One month ago, we learned that the San Francisco 49ers had been named a finalist for ESPN’s Sports Humanitarian Team of the Year Award. On Tuesday, ESPN announced that the 49ers took home the award over the Chicago White Sox, Memphis Grizzlies and New York City Football Club (MLS). The 49ers will receive a $100,000 grant to aid in their various educational efforts.
Here is a rundown of the work the 49ers have done in recent years that helped them take home this award. The organization has had its share of ups and downs in recent years. This certainly counts as a quality high.
In addition to the San Francisco 49ers collectively donating over 1,200 hours of volunteer time to 75 community events and committing $4 million to local non-profits in 2016 alone, the team is also at the forefront of two innovative and highly impactful programs that use football to make lasting changes in the Bay Area.
First, the 49ers STEM Leadership Institute is a six-year curriculum that begins in 7th grade, continues through high school, and seeks to prepare students with high academic potential in STEM. During the 2016-2017 school year, over 40,000 hours of education have been provided, including integrated and open lab hours, tutoring, and enrichment events. Of the 60 students in the 2020 class, 50% have 4.0 GPAs and the average GPA is 3.81.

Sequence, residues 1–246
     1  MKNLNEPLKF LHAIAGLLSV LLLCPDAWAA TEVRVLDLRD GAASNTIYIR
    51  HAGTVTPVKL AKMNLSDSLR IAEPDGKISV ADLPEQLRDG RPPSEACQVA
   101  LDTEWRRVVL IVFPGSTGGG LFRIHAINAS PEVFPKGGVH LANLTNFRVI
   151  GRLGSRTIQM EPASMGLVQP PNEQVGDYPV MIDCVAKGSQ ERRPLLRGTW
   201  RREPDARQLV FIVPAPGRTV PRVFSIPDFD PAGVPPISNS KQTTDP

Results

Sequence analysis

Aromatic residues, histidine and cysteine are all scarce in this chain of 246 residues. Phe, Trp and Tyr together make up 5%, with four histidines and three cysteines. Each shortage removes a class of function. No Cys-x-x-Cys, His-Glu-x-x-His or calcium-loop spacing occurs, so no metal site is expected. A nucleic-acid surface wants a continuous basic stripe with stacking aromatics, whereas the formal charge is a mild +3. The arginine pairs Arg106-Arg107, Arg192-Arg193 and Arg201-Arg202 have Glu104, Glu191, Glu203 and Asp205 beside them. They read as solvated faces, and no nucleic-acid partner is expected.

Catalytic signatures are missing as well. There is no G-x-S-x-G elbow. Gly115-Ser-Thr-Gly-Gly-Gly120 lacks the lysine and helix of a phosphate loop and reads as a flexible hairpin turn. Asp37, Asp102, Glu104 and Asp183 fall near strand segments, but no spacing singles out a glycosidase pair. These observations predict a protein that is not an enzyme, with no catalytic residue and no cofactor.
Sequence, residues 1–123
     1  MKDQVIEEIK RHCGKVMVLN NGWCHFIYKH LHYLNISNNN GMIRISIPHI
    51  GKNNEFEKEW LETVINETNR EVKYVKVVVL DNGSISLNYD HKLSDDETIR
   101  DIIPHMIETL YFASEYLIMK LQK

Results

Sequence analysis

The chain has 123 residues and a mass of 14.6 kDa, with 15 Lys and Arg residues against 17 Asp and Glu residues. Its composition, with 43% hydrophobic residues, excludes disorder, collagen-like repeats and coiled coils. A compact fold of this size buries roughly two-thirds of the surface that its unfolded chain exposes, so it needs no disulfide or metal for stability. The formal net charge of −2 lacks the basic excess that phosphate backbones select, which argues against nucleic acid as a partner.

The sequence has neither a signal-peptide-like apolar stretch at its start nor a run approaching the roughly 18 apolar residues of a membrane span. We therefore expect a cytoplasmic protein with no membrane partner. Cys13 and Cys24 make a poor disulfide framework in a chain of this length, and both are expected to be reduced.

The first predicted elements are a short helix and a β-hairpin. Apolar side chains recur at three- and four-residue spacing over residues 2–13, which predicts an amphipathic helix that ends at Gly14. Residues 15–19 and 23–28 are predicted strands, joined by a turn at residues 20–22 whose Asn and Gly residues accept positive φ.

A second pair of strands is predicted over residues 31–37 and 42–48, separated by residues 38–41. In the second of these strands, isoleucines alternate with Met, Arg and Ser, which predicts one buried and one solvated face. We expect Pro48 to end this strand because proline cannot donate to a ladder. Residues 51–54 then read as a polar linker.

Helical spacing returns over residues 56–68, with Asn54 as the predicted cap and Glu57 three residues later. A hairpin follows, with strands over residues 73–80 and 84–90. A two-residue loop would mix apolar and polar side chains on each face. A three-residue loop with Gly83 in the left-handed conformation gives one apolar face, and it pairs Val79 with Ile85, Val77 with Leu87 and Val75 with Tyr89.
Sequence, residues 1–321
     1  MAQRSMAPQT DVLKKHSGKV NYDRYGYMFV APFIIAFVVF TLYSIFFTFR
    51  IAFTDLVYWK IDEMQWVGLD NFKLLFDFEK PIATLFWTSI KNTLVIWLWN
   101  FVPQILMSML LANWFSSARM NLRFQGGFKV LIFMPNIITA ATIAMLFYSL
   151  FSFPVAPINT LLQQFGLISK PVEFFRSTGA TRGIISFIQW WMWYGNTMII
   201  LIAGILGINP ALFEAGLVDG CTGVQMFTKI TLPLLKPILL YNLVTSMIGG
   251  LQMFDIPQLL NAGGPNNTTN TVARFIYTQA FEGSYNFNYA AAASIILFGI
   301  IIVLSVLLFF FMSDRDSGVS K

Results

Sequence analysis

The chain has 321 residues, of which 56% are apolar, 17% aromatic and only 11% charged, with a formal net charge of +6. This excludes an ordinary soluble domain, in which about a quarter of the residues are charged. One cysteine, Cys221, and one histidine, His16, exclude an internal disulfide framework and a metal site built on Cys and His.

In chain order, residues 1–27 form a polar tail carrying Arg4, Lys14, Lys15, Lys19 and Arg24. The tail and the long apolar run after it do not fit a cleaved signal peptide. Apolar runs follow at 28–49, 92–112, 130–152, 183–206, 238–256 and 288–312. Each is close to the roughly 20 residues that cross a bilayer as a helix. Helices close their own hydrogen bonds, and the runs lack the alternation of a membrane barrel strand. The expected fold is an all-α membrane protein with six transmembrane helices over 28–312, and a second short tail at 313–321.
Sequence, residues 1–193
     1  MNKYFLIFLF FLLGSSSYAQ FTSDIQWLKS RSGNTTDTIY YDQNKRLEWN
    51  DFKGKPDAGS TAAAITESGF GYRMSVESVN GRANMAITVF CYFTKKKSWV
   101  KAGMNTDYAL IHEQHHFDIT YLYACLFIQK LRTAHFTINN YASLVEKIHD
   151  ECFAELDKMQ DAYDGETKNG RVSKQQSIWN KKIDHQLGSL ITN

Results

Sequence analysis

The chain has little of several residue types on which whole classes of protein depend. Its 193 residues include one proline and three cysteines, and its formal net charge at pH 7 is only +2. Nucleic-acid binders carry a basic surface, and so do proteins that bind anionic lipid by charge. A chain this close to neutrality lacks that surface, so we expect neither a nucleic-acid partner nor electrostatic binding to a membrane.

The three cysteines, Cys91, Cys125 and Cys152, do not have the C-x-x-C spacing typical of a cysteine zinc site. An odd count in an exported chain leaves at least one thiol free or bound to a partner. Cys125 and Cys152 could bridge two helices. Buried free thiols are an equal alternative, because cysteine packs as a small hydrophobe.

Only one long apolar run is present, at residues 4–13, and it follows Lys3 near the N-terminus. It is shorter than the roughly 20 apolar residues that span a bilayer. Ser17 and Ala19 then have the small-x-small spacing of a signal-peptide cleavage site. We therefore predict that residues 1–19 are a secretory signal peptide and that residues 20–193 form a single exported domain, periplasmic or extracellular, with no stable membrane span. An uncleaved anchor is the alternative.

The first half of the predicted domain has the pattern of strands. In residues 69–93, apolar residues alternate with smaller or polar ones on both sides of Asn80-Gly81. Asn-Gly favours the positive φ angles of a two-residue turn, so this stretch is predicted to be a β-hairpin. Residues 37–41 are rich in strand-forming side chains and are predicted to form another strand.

Second, the 49ers STEAM Education Program – which opened in 2014, provides informal learning experiences for K-8 students through its program that teaches standards-aligned (Common Core and Next Generation Science) lessons using the STEAM principles of science, technology, engineering, art, and mathematics. Housed within the Denise DeBartolo York Education Center at Levi’s Stadium, the program has reached over 150,000 participants since inception – free of charge – with over 50 percent of students coming from Title I designated schools.
The team’s youth efforts additionally translate on the field, where the team promotes football-focused physical activity for boys and girls through the 49ers Youth Football Program. The program, experienced by more than 31,000 participants as part of 138 events held in partnership with the NFL’s “Play 60” initiative in 2016, encourages children to get outside and play for 60 minutes each day.